Verse meaning

vûrs
A poetic form with regular meter and a fixed rhyme scheme.

Restoration literature is well known for its carefully constructed verse.

noun
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8
One of several similar units of a song, consisting of several lines, generally rhymed.

Note the shift in tone between the first verse and the second.

noun
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6
Poetic form in general.

The restrictions of verse have been steadily relaxed over time.

noun
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verb
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To educate about, to teach about.

He versed us in the finer points of category theory.

verb
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(fandom slang) The (fictional) universe in which Firefly is set.
noun
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3
Verse is writing that has a specific rhythm to it or a specific section of a writing.

An example of verse is a poem.

An example of verse is a stanza or group of four lines in a poem.

noun
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4
Forming compounds nouns denoting the fictional world of a given character, television series etc. [from 20th c.]
suffix
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4
Metrical writing that lacks depth or artistic merit.
noun
5
4
One of the numbered subdivisions of a chapter in the Bible.
noun
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4
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A small section of the Jewish or Christian Bible.
noun
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To tell in verse, or poetry.
verb
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4
Forming compound nouns denoting the whole range or totality of what is indicated by the first element. [from 20th c.]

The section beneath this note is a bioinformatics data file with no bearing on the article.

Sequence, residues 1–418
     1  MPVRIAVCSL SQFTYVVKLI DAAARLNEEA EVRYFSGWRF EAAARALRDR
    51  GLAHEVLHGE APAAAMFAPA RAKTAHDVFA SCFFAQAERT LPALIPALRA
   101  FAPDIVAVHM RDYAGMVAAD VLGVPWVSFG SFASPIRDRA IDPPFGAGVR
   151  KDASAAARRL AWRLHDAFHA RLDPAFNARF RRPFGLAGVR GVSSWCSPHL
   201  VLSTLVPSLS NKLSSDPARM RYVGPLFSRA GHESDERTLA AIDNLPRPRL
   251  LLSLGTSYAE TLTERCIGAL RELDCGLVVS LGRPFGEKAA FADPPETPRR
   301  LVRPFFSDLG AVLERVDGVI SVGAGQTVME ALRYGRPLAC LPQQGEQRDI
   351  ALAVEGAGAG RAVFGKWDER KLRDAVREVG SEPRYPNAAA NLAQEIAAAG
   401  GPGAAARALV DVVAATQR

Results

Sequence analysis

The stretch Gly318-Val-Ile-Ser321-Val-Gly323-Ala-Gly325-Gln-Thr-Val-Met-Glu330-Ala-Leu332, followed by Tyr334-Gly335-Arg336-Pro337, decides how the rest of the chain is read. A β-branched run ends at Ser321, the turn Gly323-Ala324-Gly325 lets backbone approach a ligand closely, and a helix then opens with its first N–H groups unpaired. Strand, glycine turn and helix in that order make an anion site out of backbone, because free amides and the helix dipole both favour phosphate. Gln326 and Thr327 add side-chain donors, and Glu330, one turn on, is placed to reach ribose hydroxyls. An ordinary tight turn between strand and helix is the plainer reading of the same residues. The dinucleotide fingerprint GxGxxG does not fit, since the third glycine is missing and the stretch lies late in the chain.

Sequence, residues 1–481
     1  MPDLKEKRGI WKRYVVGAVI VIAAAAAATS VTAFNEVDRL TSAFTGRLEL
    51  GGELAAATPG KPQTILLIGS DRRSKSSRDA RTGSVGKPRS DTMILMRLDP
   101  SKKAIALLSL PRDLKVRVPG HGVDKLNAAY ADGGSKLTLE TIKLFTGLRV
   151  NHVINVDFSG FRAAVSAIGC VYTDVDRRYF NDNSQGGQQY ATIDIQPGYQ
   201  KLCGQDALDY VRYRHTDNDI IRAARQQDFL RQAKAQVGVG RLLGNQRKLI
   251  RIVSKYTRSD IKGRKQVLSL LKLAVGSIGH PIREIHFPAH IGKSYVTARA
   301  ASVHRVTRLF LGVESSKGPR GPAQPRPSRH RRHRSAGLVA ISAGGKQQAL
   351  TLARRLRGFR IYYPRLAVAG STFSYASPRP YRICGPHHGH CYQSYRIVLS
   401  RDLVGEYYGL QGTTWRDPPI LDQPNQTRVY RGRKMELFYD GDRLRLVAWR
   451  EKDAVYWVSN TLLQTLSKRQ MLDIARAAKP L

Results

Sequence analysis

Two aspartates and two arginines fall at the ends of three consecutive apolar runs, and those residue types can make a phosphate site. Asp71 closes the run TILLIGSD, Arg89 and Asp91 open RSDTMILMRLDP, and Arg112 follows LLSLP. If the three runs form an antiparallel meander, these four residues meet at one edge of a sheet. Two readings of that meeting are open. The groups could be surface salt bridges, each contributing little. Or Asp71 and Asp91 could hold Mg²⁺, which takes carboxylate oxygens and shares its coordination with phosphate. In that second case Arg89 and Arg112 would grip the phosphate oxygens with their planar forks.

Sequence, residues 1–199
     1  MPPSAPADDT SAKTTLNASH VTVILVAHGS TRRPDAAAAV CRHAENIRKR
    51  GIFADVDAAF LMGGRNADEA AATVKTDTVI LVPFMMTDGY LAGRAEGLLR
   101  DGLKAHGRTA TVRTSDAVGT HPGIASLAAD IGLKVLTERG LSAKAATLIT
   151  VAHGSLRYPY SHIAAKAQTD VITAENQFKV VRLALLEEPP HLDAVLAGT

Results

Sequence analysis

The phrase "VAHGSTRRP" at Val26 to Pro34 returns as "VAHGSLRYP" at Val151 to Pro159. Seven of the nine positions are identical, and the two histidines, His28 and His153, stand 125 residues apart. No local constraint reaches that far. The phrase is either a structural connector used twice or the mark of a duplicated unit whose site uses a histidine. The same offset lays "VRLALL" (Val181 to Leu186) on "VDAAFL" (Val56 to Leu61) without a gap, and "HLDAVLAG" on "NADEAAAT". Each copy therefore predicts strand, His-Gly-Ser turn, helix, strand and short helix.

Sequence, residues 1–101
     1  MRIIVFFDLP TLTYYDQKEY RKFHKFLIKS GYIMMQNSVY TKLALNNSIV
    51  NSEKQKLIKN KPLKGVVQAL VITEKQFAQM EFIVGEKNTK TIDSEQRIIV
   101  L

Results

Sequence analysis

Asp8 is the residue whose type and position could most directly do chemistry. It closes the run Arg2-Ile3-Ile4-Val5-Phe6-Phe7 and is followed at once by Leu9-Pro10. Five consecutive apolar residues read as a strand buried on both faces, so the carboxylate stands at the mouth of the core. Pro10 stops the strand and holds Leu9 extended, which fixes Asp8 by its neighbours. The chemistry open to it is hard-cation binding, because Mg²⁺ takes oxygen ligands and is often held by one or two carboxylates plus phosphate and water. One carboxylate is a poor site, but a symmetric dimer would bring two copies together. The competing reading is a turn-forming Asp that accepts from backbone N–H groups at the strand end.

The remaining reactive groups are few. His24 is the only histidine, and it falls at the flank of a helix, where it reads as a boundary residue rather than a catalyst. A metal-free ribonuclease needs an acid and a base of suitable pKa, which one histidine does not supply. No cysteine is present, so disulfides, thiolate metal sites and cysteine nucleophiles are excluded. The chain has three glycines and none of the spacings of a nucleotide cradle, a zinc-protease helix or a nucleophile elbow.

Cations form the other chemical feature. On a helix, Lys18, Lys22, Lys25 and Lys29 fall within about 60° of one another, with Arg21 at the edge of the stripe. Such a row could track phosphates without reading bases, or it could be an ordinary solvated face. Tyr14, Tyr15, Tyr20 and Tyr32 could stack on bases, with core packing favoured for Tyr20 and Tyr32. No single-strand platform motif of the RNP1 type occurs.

suffix
5
4
(colloquial) To oppose, to be an opponent for, as in a game, contest or battle.
verb
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To versify or engage in versifying.
verb
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3
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To familiarize by study or experience.

He versed himself in philosophy.

verb
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A sequence of words arranged metrically in accordance with some rule or design; single line of poetry.
noun
3
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To play against (an opponent) in a competition.
verb
3
4
Metrical or rhymed composition as distinct from prose; poetry.
noun
2
2
A particular type of metrical composition, such as blank verse or free verse.
noun
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A stanza or similar short subdivision of a song or poem, sometimes specif. as distinguished from the chorus or refrain.
noun
2
2
Any of the single, usually numbered, short divisions of a chapter of the Bible, generally a sentence.
noun
2
2

Origin of verse

  • Middle English vers from Old English fers and from Old French vers both from Latin versus from past participle of vertere to turn wer-2 in Indo-European roots

    From American Heritage Dictionary of the English Language, 5th Edition

  • Probably back-formation from versus taken as verses in such phrases as Boston versus New York

    From American Heritage Dictionary of the English Language, 5th Edition

  • Latin versāre versatile

    From American Heritage Dictionary of the English Language, 5th Edition

  • Partly from Old English vers; partly, from Old French vers; both, from Latin versus (“a line in writing, and in poetry a verse; (originally) row, furrow"), from vertō (“to turn around").

    From Wiktionary

  • Back-formation from versus, misconstrued as a third-person singular verb *verses.

    From Wiktionary

  • Shortening of universe.

    From Wiktionary

  • From universe.

    From Wiktionary